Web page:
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Treating subungual hematoma

Subungual hematoma is the accumulation of blood under the fingernail. It is usually caused by a crush or blunt type of injury to the digit of the nails. It results to bleeding of the nail bed or the nail matrix which causes the formation of subungual hematoma. It is characterized by a severe and throbbing pain when blood accumulates under the nail. It needs immediate treatment if bones are broken or the nail bed and the surrounding tissues are damaged.


  • Injury due to slamming the finger in a door
  • Hitting the finger with a heavy object such as hammer
  • Blunt trauma or caused by a rounded object

    Pain can be felt in the nail

  • A direct blow to the distal phalanx such as a crush in a door jamb
  • Crush injuries
  • Dropping heavy objects on the hand
  • Repetitive pressure due to hiking, running and playing tennis or soccer
  • Stubbing the toes on corners of tables or chairs
  • Climbing or hiking on rugged terrain

Symptoms of subungual hematoma

  • Pain can be felt in the nail
  • A dark-colored discoloration under the affected fingernail
  • Agonizing pain under the nail
  • Sudden accumulation of blood under the nail
  • Pressure feeling under the nail
  • Tenderness and swelling of the affected nail or toe


  • Apply ice or cold therapy on the affected area for at least 10 minutes to lessen the bleeding and the swelling for 2-3 hours every day. Avoid ice directly on the skin. Wrap whatever cold therapy is used using a towel or a small cloth before placing to the area to prevent further damage and worsen the condition.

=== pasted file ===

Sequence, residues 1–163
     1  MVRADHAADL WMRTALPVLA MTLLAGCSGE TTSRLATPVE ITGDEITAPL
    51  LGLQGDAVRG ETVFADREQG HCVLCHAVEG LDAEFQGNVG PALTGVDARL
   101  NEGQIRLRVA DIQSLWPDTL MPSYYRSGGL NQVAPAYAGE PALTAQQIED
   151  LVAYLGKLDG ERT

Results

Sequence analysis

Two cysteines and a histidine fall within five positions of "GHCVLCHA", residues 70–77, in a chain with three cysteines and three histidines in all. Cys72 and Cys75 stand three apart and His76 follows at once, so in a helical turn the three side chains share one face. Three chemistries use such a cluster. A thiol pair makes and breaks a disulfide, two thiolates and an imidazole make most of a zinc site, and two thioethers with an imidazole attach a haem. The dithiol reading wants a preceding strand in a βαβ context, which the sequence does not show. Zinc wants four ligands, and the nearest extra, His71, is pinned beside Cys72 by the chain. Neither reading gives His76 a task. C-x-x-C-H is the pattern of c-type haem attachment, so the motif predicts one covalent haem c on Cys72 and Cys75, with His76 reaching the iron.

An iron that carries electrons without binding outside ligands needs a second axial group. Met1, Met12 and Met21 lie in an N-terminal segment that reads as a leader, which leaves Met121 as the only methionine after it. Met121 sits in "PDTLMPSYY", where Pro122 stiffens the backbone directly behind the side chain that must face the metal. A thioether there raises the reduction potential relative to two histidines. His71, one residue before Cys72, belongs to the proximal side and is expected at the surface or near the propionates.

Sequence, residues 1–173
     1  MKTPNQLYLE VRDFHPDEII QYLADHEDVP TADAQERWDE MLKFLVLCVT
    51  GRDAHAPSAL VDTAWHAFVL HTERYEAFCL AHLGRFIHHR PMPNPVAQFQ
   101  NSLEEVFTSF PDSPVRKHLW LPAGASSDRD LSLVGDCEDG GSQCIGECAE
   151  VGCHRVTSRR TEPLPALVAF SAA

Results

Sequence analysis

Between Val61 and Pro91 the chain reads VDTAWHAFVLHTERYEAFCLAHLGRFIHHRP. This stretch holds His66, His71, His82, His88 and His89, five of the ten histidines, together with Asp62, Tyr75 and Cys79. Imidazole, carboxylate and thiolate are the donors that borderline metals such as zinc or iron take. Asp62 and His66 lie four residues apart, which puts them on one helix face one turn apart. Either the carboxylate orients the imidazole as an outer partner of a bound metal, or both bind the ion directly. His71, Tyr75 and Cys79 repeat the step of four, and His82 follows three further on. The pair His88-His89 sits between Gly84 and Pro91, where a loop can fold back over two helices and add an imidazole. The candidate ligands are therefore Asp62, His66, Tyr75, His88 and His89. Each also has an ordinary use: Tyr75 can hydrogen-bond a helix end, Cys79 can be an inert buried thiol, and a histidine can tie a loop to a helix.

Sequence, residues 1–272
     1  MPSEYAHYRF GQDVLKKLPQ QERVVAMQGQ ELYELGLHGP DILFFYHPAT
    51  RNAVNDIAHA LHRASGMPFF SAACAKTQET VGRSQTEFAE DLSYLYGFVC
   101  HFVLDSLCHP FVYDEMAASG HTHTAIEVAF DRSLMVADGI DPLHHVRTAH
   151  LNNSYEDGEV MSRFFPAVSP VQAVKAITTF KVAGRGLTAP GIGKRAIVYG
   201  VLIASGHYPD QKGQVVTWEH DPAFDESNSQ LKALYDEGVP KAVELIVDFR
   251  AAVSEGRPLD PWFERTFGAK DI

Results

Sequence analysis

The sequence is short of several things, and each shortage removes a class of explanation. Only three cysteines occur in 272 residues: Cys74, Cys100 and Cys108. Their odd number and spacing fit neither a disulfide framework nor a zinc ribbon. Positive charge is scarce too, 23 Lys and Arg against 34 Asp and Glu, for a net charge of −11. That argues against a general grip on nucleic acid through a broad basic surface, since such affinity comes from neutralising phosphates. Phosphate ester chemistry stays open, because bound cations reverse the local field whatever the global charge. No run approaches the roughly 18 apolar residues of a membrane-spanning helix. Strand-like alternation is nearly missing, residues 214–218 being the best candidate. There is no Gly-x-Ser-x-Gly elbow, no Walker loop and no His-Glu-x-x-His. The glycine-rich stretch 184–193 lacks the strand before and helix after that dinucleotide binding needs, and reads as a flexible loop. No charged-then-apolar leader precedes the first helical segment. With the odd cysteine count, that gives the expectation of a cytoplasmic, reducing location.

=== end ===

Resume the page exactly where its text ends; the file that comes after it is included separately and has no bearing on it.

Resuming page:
• Elevate the affected area above the level of the heart to lessen the swelling and the bleeding. It also aids the tissue fluids to flow away from the affected area.
  • Use the suggested anti-inflammatory drugs such as ibuprofen to reduce the inflammation and discomfort.
  • Injection of prescribed local anesthetic to the affected finger to make it numb. Then a hole is drilled in the nail to drain the accumulated blood out. A hole is made using a needle, electrocautery or a paper clip that is sterilized. After the drainage the area will just heal on its own. This treatment is called trephination or decompression. Then tie the affected nail or bandaged and keep it elevated. Apply cold compress on the area especially for the first 12 hours. Use prescribed splints for at least 3 days to lessen the tenderness of the area.
  • If the injury requires the nail to be removed from the nail bed, perform the following measures to lessen the sensitivity of the nail bed especially for the next 7-10 days. Soak regularly the affected area in water and use antibacterial soap for at least 10-15 minutes. Dry the area and apply a prescribed antibiotic ointment such as Neosporin. Cover the area using a sterile dry bandage.

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